Review: Razor Girl, by Carl Hiaasen

Posted: November 19, 2017 in Book Reviews
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Razor Girl, by Carl Hiaasen, cover(Razor Girl, by Carl Hiaasen. Knopf, 2017, $35.95, 333 pp.)

If you need some relief from the sociopath in chief, from the relentless, surly glob of suet that Grant Brisbee describes as the “walking embodiment of the seven deadly sins,” here you go.

Carl Hiaasen delivers some welcome and extremely funny not-quite-escapism in Razor Girl, which in many ways is a typical Hiaasen novel. (In this context, “typical” is a very good thing.) It’s set in Florida, and it abounds in grotesque characters, grotesque incidents, amusing, well written dialogue, and laugh-out-loud passages, the funniest of which involves the side effects of a “male enhancement” product and a blood pressure cuff. There’s also pointed political and social commentary, and, as always in Hiiasen’s novels, sympathetic central characters with decidedly casual respect for the law.

The title character in Razor Girl, Merry Mansfield, is based on a real person who, like Merry, engaged in a common criminal scam involving deliberate auto accidents. What’s not common about Merry and the actual criminal is that they engage(d) in this scam while shaving their . . . well, no need to go there. . . .

The central male character is Andrew Yancy, a former detective who was busted to “roach patrol” (health inspector) after assaulting an ex-girlfriend’s husband with a mini-vacuum cleaner. Here, Yancy wants to gain reinstatement by investigating the disappearance in Key West of Buck Nance, the patriarch in the highly staged “reality” TV show, Bayou Brethren, which follows the misadventures of a supposed clan in the Florida panhandle that runs a rooster farm.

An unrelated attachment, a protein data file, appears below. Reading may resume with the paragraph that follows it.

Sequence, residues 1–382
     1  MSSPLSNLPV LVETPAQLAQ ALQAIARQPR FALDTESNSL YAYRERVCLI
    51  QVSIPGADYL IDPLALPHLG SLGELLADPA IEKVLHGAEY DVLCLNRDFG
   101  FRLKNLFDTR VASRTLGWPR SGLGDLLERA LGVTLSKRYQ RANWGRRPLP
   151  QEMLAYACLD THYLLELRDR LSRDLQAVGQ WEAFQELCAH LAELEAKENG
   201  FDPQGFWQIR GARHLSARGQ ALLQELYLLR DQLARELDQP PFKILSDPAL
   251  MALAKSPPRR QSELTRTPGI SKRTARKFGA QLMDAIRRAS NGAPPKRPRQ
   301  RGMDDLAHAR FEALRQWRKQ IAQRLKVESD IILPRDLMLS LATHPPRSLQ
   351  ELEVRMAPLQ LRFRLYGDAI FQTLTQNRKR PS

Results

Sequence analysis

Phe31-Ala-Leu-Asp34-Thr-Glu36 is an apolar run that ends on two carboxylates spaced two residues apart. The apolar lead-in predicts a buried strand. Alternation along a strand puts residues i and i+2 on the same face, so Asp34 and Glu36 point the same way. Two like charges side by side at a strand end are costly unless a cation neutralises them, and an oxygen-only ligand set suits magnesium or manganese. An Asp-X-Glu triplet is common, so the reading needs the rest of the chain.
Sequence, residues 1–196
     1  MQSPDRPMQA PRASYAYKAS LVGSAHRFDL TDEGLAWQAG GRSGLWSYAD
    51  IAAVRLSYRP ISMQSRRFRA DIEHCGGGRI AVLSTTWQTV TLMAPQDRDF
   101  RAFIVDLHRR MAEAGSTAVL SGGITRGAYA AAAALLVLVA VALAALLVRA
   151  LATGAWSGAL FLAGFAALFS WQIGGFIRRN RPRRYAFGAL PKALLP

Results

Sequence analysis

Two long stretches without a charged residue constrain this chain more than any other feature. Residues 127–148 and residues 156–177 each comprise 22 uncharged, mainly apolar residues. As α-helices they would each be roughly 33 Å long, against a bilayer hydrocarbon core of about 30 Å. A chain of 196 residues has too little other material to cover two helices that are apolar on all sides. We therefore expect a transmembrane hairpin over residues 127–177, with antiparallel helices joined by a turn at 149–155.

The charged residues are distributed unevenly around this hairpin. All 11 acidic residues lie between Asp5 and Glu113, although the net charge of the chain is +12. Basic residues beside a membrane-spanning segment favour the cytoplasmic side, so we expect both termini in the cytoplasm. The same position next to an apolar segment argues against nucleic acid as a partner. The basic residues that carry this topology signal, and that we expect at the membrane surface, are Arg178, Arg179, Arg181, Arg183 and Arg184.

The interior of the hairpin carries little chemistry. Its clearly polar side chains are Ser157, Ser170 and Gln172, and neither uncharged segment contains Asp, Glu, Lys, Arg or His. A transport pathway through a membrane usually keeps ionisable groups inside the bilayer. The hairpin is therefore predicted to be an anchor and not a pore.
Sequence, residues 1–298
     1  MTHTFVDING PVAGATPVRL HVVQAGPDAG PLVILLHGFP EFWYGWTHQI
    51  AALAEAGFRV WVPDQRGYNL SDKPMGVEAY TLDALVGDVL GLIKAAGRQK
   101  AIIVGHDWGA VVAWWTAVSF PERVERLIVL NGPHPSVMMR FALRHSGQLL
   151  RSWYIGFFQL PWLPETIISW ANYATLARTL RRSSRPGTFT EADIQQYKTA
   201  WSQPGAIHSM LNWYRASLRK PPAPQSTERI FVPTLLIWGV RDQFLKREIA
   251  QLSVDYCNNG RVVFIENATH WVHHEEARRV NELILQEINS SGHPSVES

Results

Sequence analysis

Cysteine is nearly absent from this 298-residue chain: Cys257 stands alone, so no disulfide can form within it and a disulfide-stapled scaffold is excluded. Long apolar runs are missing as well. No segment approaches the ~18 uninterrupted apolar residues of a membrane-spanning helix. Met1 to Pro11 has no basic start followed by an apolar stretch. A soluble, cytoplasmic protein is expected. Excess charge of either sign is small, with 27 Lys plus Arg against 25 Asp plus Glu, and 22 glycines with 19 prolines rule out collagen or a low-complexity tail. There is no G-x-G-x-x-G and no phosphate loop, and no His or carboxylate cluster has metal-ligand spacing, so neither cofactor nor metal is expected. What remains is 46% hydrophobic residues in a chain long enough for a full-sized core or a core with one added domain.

Shortly, we meet a variety of well drawn, seedy characters, including Martin Trebeaux the founder of Sedimental Journeys, a company that illegally dredges sand in one place and then sells it in another; Brock Richardson, an entitled, grubbily materialistic Miami lawyer who’s made a career of hustling product-liability cases; Lance Coolman, the sleazy agent who represents Buck Nance; and Buck’s super fan, idiot racist, homophobe, and career criminal Blister Krill, who’s so obsessed with Bayou Brethren that he’s had Buck’s nickname (from the rooster farm), “Captain Cock,” tattooed across his shoulders.

Without giving anything else away, we’ll note that while this is a comic novel, there are a lot of characters and the plot is fairly complex, so you need to pay attention as you read, which is one of the book’s strengths: Razor Girl is much more than just a collection of funny characters and incidents — it’s well plotted, and its author never insults the reader’s intelligence.

Highly recommended.

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